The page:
Thursday, January 17, 2013

Why is There a COW in my Hospital Room?!

You read the title correctly, and it's true that in the unfortunate event that you have to stay in a hospital room you may have a COW in there with you. Now, I know what you're thinking, "how can this be sanitary? Or how will I be able to sleep with a cow mooing all the time?" Well rest assured that there will not be an actual living, breathing, cud chewing cow in your room.  The acronym COW stands for Computer On Wheels, and it's an essential component of the hospital's technology system for inputting information into the electronic medical record for a patient.

This is what a COW looks like.
The image can be found here. 
Last summer I was able to do one of my pharmacy school rotations at a hospital that utilized COWs. I observed how convenient it was for the nurse to have direct access to a patient's medical record right in the room, instead of having to go to a workstation outside the patient's room. This allowed the nurses, physicians and pharmacists to be more efficient when conducting different aspects of a patient's care.

The COW also comes into play when dispensing medication from the pharmacy. Each time a medication is administered to a patient the nurse uses his or her log in, then a series of barcodes are used to make sure the right patient is getting the right drug at the right time. The COW has a scanner and when each patient is admitted to the hospital he or she receives an individualized barcode. The medication also has a barcode or a QR code on it.  The nurse scans his or her personal barcode so there is a record of who administered the medication, then the nurse scans the patient's barcode, then scans the code on the medication. If all of these match, then the medication can be administered. If they don't match, then there has been an error at some point and the medication is not given until this error is resolved.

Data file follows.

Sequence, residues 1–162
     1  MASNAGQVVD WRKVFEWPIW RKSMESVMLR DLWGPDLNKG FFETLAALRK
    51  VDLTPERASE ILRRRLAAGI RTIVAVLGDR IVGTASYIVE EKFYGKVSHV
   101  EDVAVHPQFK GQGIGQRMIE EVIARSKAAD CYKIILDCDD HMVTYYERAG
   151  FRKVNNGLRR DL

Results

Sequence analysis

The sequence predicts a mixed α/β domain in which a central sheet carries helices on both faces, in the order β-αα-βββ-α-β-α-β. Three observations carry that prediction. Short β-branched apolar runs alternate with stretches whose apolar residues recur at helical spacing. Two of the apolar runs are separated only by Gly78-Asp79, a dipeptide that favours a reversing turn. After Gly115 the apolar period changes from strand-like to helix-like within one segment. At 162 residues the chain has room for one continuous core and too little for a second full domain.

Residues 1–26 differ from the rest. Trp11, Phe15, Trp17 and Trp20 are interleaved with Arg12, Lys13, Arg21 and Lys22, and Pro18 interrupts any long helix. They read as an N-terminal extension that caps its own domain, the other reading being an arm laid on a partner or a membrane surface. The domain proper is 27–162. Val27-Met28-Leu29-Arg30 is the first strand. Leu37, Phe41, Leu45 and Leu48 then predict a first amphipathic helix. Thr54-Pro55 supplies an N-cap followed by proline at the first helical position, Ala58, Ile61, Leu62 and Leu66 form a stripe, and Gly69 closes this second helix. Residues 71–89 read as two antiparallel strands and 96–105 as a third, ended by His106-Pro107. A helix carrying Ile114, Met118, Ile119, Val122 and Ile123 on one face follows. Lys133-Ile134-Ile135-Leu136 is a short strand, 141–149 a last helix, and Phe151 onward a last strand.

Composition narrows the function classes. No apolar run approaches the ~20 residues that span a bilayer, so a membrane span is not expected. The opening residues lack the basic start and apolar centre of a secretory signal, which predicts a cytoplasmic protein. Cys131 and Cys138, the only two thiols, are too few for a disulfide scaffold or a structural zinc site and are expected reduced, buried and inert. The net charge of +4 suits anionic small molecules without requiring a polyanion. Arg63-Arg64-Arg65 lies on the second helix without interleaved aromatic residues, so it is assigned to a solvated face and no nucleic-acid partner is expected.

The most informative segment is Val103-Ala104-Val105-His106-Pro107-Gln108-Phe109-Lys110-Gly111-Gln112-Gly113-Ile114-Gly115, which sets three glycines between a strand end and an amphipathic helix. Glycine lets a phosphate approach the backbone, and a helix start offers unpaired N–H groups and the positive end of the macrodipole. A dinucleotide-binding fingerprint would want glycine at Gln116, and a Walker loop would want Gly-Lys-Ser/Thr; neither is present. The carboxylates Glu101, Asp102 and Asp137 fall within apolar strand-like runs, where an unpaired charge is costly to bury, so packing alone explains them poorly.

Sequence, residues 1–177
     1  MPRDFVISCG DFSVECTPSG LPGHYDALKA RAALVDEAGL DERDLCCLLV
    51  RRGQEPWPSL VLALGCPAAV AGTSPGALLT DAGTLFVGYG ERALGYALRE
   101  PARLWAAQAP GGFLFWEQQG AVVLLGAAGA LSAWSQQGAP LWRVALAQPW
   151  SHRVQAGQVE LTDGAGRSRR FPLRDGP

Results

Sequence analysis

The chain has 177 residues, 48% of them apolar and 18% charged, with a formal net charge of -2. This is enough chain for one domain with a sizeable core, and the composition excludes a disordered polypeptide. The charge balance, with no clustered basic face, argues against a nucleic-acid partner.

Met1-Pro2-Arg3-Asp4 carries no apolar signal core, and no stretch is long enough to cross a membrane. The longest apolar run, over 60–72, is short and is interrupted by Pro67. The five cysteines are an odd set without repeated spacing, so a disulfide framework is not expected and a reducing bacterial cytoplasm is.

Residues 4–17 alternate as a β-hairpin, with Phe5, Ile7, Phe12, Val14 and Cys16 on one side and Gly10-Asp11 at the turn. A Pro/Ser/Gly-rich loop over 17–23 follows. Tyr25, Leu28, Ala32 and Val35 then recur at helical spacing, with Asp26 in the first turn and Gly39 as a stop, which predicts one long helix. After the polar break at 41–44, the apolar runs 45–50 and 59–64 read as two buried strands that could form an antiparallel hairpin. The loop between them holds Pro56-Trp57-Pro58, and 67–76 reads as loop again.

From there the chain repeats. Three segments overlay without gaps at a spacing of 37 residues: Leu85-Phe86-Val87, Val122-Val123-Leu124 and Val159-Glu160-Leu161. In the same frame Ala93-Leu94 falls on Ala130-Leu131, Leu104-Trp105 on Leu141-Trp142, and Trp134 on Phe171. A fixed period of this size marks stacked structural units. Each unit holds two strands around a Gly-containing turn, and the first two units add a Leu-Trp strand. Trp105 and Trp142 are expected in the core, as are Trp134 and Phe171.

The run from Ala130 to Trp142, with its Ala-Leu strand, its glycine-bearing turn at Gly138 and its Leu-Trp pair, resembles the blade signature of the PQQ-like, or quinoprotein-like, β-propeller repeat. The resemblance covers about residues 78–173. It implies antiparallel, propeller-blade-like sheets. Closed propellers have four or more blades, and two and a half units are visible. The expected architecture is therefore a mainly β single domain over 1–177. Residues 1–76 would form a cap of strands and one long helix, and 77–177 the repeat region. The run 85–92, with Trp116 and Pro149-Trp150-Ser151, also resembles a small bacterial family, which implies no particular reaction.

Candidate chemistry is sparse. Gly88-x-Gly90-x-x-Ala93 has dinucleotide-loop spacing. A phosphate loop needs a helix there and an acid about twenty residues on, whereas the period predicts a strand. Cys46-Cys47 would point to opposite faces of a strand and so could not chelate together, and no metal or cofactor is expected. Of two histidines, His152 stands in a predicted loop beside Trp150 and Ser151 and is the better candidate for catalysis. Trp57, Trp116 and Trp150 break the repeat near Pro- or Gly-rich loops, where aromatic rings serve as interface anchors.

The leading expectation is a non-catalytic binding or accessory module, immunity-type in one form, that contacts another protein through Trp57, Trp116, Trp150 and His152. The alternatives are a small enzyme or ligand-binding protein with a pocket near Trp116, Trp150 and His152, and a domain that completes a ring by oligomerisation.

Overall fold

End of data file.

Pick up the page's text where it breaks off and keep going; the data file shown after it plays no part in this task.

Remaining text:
This picture shows the individually packaged medications hanging
in the dispensing robot. The arrows are pointing to the QR codes that
get scanned before the medication is given to the patient to ensure
it is the correct medication for that specific patient.
You may be thinking, "wow, that's a lot of checks to go through for medication to be administered." You would be correct in thinking this. There are several checks that must be done before a patient can be given a medication.  Take comfort in knowing that the pharmacists, nurses, doctors, and even COWs are playing a role in protecting patients from medication errors.

1 comment:

  1. I learn something everyday - pretty sure I'd give the nurse or doctor a 'wtf' look if I ever heard them say, "Get that COW in here"


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